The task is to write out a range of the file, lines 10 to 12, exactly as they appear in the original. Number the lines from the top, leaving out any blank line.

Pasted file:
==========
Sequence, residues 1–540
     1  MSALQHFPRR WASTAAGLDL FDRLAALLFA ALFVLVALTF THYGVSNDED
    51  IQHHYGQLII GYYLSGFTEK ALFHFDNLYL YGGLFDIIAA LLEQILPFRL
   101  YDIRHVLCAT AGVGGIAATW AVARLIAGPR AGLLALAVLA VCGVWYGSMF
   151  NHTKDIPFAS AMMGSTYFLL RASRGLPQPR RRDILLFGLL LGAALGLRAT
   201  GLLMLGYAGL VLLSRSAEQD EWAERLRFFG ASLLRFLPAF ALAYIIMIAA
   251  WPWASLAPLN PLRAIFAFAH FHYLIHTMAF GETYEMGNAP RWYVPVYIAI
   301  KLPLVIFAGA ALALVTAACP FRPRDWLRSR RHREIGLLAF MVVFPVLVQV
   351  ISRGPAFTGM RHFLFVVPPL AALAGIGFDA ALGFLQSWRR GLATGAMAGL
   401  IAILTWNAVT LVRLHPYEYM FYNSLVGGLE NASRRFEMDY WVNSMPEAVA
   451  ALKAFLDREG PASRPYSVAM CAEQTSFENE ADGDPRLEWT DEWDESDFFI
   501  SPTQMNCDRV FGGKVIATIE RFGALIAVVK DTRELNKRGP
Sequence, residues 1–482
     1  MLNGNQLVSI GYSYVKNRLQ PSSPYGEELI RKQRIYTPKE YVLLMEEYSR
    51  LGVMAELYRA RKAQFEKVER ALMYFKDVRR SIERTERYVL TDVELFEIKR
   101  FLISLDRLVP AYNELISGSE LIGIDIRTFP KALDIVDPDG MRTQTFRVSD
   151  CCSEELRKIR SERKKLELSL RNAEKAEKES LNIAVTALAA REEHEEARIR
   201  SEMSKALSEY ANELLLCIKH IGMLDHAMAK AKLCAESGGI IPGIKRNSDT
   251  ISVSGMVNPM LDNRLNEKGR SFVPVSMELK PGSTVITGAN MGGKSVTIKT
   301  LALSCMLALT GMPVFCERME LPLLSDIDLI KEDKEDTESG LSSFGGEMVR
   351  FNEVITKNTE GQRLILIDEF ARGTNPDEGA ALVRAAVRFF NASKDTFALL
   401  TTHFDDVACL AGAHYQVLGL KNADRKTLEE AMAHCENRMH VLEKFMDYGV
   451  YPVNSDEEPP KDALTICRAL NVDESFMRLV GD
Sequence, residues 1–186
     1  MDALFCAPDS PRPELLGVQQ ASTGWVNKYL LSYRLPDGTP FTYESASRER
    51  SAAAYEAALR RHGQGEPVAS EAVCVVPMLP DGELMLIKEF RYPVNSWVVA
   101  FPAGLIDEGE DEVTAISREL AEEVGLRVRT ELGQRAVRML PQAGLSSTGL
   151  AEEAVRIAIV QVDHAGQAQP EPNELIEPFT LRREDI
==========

   401  IAILTWNAVT LVRLHPYEYM FYNSLVGGLE NASRRFEMDY WVNSMPEAVA
   451  ALKAFLDREG PASRPYSVAM CAEQTSFENE ADGDPRLEWT DEWDESDFFI
   501  SPTQMNCDRV FGGKVIATIE RFGALIAVVK DTRELNKRGP